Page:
Not too long ago I finished writing a book with co-author Jan Stolpe called Beginning Songwriting, and I’d like to talk about its contents here to give you a sense of how the book prepares songwriters to write faster, better songs.

My co-author is an audio engineer and producer whose experience working with writers and artists offers a valuable perspective on songwriting and recording for songwriters. He also happens to be my husband Jan shares some basic production techniques that all songwriters should know, with audio examples of each technique throughout the book. We hope these examples will make the techniques more clear and easy to apply for every writer regardless of prior knowledge or experience with production.

In my work as an instructor, I meet many capable songwriters who feel handicapped by a lack of music theory knowledge. They feel limited in their harmonic and melodic tools. In the past, I have had difficulty finding basic theory courses that deliver theory knowledge in a manner I felt was appropriate, relevant to the craft, easy to understand, and that applied for songwriters. We wanted to write a book that provided simple tools in simple language, and could be a guide to make broad leaps in melody, harmony, and lyric writing in a small amount of time. Though it isn’t necessary to have a firm understanding of music theory to write songs, basic music theory can help us to widen our musical choices and gain more flexibility with our harmonies, melodies, and rhythms.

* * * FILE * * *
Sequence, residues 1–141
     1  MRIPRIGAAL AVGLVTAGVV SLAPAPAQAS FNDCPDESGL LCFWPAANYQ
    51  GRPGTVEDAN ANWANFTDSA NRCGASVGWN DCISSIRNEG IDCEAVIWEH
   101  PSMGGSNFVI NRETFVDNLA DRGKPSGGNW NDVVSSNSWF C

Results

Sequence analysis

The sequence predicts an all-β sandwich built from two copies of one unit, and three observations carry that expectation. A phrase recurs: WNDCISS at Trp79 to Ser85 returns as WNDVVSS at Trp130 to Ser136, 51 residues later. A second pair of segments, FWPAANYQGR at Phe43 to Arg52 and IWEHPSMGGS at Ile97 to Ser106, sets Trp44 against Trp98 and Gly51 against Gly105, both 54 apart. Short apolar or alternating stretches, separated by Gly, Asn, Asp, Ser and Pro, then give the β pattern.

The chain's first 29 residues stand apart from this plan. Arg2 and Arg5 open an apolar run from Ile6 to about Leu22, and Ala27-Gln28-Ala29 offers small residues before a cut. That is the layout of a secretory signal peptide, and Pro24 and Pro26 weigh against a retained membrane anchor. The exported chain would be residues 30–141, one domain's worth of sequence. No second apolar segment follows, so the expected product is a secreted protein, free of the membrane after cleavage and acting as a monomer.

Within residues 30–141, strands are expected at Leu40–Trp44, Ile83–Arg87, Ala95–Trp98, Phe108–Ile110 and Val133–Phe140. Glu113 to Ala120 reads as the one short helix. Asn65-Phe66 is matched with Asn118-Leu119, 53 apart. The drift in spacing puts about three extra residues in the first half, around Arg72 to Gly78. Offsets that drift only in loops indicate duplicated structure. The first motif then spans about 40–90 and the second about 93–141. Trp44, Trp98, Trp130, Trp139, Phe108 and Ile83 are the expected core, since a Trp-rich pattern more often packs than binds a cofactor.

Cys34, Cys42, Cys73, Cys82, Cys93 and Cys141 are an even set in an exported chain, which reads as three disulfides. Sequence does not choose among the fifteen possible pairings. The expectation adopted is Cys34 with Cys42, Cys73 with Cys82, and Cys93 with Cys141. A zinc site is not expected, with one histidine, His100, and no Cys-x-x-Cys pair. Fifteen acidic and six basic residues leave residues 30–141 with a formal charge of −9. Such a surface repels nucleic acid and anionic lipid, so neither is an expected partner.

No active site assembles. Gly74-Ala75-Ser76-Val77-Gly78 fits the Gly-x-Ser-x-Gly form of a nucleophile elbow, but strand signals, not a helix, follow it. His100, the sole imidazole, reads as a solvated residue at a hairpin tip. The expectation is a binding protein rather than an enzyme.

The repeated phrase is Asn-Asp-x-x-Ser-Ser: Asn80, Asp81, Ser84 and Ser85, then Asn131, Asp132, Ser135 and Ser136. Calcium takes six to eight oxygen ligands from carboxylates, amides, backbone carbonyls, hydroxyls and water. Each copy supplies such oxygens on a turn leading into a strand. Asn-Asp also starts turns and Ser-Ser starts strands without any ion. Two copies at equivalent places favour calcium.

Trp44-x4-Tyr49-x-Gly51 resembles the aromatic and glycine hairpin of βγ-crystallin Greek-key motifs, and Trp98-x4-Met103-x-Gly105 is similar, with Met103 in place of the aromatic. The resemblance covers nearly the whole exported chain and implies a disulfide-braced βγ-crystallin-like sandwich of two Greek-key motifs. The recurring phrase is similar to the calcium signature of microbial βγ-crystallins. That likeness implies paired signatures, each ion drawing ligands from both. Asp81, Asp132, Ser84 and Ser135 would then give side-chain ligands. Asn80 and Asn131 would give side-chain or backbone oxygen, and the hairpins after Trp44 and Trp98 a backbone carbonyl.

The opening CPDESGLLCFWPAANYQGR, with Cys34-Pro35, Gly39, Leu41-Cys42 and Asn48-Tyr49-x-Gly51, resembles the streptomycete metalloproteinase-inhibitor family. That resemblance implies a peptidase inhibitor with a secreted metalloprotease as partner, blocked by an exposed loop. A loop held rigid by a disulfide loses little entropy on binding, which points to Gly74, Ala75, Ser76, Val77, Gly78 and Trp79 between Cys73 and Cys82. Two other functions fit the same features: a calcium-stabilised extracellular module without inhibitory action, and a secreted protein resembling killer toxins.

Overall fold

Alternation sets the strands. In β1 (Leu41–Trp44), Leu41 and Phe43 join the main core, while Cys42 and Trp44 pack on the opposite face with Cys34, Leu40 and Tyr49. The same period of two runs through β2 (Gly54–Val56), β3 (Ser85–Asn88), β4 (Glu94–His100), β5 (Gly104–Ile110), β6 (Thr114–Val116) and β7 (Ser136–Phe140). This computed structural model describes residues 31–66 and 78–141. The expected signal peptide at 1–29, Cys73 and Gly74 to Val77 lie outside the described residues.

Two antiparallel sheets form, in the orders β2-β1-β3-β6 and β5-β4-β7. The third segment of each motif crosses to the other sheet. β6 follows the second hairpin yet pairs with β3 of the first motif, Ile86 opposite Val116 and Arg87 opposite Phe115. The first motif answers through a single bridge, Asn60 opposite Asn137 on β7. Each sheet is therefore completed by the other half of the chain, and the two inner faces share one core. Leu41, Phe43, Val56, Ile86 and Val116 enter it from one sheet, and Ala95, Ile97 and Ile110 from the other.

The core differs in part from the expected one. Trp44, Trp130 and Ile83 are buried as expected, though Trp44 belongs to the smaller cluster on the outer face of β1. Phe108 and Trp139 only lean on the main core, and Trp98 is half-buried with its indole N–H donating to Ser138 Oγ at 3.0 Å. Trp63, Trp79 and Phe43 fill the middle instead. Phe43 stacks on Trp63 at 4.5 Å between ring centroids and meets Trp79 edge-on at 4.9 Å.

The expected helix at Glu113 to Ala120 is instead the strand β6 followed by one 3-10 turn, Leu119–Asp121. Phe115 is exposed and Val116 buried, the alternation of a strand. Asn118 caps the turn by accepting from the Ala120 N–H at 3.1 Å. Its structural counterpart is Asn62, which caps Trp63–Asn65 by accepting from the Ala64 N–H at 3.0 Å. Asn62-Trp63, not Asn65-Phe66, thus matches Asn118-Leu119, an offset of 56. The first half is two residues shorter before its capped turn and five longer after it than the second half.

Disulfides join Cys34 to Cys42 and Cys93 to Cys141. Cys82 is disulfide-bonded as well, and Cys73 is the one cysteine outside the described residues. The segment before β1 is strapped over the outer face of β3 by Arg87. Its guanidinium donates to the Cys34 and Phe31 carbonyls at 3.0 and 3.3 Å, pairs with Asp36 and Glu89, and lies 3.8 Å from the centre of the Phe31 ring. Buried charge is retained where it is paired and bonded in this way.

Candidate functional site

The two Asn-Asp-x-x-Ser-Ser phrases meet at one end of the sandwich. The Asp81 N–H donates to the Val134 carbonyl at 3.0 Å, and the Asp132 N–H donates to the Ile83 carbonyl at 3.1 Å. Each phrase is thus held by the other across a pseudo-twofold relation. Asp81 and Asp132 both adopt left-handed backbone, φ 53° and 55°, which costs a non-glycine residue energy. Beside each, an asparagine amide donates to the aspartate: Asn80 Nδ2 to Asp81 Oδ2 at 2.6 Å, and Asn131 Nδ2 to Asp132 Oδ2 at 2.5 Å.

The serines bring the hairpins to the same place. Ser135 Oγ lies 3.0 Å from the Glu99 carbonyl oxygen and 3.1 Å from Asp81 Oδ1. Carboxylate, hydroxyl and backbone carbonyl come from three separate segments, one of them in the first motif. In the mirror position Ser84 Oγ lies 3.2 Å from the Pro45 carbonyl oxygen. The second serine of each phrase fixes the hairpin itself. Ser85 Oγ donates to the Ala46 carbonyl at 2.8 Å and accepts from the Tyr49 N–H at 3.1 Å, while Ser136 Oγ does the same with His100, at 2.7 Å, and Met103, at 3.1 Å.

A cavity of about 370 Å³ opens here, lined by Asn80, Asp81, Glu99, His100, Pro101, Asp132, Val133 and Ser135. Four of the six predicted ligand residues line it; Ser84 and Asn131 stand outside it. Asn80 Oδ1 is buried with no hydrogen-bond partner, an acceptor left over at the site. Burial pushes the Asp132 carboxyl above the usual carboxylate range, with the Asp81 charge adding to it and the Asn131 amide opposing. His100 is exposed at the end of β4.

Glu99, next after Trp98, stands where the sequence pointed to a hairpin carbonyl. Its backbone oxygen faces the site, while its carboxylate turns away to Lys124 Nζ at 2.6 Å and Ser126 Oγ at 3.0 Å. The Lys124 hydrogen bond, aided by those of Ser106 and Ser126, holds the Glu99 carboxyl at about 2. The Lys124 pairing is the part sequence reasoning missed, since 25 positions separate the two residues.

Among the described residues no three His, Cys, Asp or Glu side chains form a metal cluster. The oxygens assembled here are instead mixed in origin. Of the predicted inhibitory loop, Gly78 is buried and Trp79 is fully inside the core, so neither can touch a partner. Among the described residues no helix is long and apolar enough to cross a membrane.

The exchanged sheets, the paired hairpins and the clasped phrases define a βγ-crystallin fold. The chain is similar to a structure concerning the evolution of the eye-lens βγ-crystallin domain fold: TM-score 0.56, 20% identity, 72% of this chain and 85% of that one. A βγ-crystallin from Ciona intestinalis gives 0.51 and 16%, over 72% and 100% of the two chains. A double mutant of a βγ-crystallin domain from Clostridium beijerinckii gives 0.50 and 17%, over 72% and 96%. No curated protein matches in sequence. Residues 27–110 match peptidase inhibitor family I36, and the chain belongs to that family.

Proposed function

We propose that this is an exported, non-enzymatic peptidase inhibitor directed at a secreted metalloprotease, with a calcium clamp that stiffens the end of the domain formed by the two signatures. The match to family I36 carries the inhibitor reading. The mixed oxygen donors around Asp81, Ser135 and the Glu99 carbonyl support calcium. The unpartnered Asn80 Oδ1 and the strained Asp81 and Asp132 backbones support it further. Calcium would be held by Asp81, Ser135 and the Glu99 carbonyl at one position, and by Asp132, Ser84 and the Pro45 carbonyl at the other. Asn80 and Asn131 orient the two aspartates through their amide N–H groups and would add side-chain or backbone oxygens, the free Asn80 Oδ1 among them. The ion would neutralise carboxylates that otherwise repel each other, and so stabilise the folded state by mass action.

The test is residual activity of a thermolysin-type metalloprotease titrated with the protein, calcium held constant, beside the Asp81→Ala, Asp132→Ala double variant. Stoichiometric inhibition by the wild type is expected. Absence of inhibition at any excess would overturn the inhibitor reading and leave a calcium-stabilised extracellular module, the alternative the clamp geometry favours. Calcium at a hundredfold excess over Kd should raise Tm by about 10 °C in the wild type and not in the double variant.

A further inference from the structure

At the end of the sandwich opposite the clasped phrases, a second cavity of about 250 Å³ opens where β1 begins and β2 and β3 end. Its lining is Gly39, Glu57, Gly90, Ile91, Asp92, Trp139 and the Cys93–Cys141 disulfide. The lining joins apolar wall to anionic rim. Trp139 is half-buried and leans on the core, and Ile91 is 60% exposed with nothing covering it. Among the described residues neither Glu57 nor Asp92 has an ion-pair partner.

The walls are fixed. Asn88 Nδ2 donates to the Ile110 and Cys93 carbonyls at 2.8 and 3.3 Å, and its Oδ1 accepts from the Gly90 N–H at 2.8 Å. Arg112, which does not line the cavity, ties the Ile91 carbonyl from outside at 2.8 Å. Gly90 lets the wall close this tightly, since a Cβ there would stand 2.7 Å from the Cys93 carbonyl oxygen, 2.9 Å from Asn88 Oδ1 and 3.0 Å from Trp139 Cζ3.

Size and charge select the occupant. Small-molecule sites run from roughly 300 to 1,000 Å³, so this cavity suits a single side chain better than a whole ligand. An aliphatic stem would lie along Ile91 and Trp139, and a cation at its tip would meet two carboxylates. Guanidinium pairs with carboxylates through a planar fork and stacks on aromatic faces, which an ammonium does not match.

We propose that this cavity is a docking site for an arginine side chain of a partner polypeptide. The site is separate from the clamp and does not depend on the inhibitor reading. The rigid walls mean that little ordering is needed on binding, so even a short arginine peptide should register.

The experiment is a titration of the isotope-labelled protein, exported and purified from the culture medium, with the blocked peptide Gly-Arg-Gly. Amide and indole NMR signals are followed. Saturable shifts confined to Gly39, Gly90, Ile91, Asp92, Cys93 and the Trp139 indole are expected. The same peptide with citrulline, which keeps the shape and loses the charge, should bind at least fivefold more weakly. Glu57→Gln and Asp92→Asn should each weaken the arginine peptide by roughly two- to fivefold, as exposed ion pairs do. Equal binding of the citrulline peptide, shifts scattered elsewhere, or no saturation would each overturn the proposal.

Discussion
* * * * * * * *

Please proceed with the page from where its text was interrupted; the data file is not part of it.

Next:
TAKE A SONGWRITING COURSE WITH ANDREA STOLPE

In the chapters on lyric writing, I cover sensory writing and how to use it to write more powerful lyrics. Through examples from young writers, I take their journaling and develop it into full song lyrics. I hope this illuminates simple ways for songwriters everywhere to write lyrics that more effectively reflect their true thoughts and intentions with the song message.

The book concludes with a description of careers that songwriters might expect to find in the industry.

You can find Beginning Songwriting on the Berklee Press site.